Having grown up in middle-class Indianapolis, I've never been disdainful of the mainstream. My roots are firmly implanted there, and I've benefited enormously from them. But I never aspired to join it. From the time I was a kid, I was always drawn to the "madmen and artists," as Allen Ginsberg called them, even though I had never heard the phrase or his name. Poetry wasn't big in my peer group.
By the time Tony the Dope Dealer cracked my reality, I'd known more than my share of madmen. I have more stories about dying young than anyone I've ever met. But artists? Can't say I'd known a single one growing up. A couple guys from my neighborhood played guitars and sang folk and rock at the Hummingbird Cafe in downtown Indy's Talbot Village. One of them plays Christian rock today, at least I'm pretty sure it's him. But that was it.
Tony was a madman. I knew that the moment I first heard his voice. And while I didn't share his dream of earning a hundred thousand dollars dealing pot, his preoccupation with it intrigued me. "Money, that's what I'm into," he told me in one of our first conversations, "money." He was also an artist, and the money, he said, was a means to an end. He would earn enough dealing to quit and then focus on his art.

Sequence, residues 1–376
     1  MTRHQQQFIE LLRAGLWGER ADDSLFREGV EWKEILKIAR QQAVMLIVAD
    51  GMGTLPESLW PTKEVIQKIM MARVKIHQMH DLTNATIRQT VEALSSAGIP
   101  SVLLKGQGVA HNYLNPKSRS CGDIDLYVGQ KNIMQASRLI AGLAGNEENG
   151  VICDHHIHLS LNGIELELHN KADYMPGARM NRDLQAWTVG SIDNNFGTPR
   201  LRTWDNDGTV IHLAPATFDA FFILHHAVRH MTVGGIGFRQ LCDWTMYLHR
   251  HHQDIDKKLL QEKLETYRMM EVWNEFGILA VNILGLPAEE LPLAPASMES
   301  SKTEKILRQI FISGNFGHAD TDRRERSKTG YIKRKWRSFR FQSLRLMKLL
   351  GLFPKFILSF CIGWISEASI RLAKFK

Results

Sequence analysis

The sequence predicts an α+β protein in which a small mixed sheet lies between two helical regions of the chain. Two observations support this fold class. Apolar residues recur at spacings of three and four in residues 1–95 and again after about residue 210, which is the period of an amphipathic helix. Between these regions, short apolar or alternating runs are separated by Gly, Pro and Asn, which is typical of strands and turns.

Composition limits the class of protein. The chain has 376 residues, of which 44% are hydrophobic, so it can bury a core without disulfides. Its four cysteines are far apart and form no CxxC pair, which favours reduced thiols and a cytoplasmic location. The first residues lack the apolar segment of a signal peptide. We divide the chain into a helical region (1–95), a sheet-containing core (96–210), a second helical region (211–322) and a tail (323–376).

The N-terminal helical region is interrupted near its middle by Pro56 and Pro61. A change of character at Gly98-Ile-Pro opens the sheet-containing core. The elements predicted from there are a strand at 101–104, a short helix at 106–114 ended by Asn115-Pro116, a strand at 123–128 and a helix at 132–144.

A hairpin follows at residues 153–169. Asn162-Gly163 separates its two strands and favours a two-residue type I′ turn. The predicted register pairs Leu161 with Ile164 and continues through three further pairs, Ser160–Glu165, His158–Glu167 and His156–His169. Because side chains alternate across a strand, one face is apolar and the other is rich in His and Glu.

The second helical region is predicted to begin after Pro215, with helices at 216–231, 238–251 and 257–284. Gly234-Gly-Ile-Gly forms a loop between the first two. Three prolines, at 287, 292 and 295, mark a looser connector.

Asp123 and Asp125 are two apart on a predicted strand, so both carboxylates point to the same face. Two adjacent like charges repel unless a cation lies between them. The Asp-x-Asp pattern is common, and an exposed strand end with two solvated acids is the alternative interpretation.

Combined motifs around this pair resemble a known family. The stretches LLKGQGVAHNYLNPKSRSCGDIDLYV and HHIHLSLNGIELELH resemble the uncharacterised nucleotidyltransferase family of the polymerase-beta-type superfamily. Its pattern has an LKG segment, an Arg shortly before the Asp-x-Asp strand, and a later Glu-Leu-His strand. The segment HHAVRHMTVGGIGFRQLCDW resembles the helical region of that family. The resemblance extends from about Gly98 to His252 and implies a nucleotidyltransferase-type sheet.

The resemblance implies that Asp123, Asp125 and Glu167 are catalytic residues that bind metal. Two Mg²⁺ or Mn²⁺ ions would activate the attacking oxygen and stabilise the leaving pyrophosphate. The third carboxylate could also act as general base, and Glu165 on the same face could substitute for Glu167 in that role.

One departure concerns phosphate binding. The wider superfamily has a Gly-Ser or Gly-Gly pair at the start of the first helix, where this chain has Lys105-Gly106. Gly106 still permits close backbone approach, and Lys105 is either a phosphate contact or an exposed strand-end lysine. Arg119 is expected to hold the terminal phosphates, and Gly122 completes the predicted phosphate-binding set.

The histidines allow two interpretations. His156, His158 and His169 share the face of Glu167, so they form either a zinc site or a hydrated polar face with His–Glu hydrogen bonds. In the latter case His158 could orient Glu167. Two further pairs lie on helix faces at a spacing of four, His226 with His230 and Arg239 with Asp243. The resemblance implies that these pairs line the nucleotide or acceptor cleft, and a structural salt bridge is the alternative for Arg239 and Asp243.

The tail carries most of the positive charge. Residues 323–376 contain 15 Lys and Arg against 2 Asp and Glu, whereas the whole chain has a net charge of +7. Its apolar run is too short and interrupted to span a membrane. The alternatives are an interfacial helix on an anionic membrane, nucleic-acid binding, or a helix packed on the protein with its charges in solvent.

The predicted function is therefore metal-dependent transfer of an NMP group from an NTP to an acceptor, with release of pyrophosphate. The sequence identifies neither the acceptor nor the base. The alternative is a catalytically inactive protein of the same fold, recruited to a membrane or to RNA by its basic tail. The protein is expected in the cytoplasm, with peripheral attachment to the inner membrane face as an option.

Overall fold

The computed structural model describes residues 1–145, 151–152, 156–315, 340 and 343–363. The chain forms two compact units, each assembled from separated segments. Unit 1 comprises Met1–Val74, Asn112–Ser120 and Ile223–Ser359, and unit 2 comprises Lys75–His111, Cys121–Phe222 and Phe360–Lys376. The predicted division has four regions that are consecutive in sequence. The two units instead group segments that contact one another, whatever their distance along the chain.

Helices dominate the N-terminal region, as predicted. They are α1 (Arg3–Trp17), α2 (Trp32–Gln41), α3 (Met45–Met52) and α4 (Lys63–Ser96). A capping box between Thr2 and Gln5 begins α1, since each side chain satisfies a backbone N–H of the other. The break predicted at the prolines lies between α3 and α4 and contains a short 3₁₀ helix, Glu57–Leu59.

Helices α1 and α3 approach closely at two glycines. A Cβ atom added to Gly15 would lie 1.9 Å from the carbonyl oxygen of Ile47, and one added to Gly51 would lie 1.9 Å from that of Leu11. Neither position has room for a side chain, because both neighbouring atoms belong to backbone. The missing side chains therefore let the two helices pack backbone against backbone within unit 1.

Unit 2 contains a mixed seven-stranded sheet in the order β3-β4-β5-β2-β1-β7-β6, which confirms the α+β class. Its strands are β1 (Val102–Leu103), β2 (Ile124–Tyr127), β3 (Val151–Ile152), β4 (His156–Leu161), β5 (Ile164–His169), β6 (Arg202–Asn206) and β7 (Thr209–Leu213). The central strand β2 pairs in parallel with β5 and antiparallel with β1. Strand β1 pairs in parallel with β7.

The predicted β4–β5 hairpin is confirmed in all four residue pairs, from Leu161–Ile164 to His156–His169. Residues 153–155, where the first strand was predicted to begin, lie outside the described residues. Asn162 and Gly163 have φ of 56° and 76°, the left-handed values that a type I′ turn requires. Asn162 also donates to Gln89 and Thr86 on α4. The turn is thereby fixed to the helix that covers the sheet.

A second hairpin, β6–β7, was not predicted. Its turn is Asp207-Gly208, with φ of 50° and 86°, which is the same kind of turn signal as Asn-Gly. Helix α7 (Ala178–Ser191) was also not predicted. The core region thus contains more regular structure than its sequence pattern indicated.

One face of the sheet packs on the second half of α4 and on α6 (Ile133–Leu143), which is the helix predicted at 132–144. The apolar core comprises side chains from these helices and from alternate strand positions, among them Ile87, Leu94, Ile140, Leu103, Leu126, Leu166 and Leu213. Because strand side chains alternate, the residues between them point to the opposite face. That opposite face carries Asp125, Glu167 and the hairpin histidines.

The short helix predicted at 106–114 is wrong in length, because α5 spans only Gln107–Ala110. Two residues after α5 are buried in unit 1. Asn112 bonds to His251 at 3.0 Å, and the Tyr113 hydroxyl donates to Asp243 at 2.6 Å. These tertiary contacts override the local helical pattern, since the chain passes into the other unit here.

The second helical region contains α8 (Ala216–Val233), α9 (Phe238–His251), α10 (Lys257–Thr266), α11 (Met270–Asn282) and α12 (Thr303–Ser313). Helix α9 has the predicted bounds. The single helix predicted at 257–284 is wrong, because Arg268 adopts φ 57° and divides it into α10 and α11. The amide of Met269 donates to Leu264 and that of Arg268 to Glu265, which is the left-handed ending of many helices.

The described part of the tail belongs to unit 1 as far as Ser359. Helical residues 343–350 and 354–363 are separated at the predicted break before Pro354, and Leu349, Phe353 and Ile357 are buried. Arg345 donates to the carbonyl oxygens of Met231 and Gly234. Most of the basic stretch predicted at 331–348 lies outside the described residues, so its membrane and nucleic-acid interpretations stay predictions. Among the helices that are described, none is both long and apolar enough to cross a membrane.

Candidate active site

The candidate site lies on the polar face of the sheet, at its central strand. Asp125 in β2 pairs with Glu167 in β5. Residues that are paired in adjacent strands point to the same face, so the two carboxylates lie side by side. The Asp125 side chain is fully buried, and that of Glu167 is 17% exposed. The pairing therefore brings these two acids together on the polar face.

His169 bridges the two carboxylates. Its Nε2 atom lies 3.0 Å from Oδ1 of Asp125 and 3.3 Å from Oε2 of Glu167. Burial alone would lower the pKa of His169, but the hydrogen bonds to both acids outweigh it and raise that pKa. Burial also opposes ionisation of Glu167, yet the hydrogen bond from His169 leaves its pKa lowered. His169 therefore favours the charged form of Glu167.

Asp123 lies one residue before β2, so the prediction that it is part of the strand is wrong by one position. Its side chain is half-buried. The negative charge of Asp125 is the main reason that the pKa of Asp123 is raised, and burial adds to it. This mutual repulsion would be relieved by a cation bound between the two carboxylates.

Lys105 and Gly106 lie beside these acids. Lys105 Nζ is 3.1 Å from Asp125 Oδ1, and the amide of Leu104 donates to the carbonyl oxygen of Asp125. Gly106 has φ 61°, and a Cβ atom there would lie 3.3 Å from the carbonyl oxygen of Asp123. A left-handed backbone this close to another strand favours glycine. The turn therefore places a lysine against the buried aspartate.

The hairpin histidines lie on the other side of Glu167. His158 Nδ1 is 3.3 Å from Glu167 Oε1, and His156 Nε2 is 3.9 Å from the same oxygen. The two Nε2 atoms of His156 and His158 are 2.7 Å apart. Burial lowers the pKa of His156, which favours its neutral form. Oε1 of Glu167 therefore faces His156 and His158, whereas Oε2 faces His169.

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I know that he made enough money to achieve that goal. I watched him do it. But I'm not really sure about the rest. I know he had an involuntary retirement, and a few years ago I heard he was still doing art. I'm not surprised. I saw some of his paintings in the old days. He was truly creative -- an artist as well as a madman.
It's been too long since I saw Tony, and my visual memory is too faulty, to say for sure that he had features like Johnny Depp. He once told me, as he pointed to his face, that he had a child, or was going to have a child, with a woman who wanted to have a kid with someone who "had good lines." And I reacted "Tony" when I saw a scene in the 2001 movie Blow where drug dealer George Jung, played by Depp, struts through the Miami airport. One still photo I've found is a dead ringer for Tony in my mind's eye.
"As I passed the oak table in the kitchen just inside the door, I noticed a stack of bills about a foot long."
Anyway, I'm not really sure how I maintained access to Tony and his scene. I was into sharing with friends, not getting rich. And I never hung out with anyone in his social circle. I would go to his place after everyone was gone and everything was done, and I'd devour the stories he would tell. He thrived on sharing his adventures.